Python Inliner merges in a single file all files from a Python package.
pinliner - Python Inliner
This tool allows you to merge all files that comprise a Python package into a single file and be able to use this single file as if it were a package.
Not only will it behave as if it were the original package, but it will also show code in exceptions and debug sessions, and will display the right line number and file when logging.
Imports will work as usual so if you have a package structure like:
. └── [my_package] ├── file_a.py ├── [sub_package] │ ├── file_b.py │ └── __init__.py ├── __init__.py
And with pinliner installed you execute:
$ mkdir test $ pinliner my_package test/my_package.py $ cd test $ python
You’ll be able to use generated my_package.py file as if it were the real package:
>>> import my_package >>> from my_package import file_a as a_file >>> from my_package.sub_package import file_b
And __init__.py contents will be executed as expected when importing my_package package and you’ll be able to access its contents like you would with your normal package.
Modules will also behave as usual.
If your package is checking __name__ for __main__ it will also work as usual. Although given the fact that we only have 1 file we will no longer be able to call other packages/modules directly from the command line to trigger code conditioned to __name__ having __main__ as its value.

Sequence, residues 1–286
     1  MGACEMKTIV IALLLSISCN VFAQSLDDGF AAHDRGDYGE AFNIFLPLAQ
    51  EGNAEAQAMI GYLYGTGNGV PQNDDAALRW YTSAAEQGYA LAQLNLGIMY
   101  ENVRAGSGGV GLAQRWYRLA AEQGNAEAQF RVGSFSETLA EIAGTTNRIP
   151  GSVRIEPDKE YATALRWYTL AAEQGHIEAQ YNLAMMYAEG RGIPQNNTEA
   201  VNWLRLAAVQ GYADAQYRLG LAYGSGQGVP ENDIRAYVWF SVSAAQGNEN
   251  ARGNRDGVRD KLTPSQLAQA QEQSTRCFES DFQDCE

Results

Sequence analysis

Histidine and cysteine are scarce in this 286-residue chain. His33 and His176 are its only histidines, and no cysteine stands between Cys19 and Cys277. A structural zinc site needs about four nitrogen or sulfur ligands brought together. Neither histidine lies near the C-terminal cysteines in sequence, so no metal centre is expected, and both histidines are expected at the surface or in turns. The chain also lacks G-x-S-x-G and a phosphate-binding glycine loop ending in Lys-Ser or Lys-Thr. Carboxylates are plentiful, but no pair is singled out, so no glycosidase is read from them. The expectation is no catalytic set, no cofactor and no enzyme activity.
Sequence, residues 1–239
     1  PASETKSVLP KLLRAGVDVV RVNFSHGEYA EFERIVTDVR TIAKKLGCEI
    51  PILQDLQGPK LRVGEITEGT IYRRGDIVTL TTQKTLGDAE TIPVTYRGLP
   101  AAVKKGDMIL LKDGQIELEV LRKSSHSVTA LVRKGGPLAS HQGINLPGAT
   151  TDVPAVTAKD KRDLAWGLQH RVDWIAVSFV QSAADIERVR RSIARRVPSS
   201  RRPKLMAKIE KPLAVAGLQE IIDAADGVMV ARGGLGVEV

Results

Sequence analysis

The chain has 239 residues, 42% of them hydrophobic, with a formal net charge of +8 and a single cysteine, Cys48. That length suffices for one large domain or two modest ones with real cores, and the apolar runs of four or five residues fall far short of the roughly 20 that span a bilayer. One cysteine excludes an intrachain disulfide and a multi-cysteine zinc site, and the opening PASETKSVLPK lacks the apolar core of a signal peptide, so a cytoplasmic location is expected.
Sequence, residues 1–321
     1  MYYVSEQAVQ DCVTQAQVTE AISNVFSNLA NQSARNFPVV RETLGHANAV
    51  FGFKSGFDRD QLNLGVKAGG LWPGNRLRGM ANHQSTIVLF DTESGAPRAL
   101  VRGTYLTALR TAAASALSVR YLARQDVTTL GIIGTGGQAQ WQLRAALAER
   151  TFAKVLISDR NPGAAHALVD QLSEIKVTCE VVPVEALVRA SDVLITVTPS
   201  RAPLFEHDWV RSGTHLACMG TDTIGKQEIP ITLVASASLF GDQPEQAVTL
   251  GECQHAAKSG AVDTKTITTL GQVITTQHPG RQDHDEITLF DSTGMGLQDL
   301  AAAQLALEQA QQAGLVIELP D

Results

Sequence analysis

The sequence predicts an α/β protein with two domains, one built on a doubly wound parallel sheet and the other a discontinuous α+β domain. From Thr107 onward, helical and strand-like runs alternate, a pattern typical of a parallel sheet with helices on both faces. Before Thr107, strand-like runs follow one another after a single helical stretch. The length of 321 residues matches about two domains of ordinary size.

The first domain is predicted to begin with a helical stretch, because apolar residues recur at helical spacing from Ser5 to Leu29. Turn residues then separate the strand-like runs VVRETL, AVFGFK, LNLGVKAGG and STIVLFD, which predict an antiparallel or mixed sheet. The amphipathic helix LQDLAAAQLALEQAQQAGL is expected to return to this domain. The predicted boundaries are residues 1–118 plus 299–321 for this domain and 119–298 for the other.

Loader code will automatically compile packages and modules to byte code, before running it. When a module is imported for the first time, or when the specific’s package/module source (not the whole inlined file) is more recent than the current compiled file, a .pyc file containing the compiled code will be created in the same directory as the pinlined .py file.
If the byte code is up to date then it will be used instead, thus avoiding a recompilation, exactly the same as python normally does, with the only exception that all .pyc files will be in the same directory and the filenames will include the full path to the original file.
You can install pinliner globally in your system or use a virtual environment, this is how it could be done using a virtual environment:
$ virtualenv .venv $ source .venv/bin/activate $ pip install pinliner
After that you can run the tool with pinliner.
Add support for incompatible loaders to coexists.
Generate and use pyc files for modules.
Add support for the filename to be different than the package.
Now __main__ works directly from the package as expected.
Fix missing template file when installing
Reduce memory footprint to keep the package structure and code.
Include tagging of beginning of files in the output.
Show code when debugging and on tracebacks
Improve internal package and module names
Fix line numbers (off by 1)
Package’s root namespace is no longer polluted by pinliner
Original filename for package/modules is stored so it will be reported by exceptions and logging.
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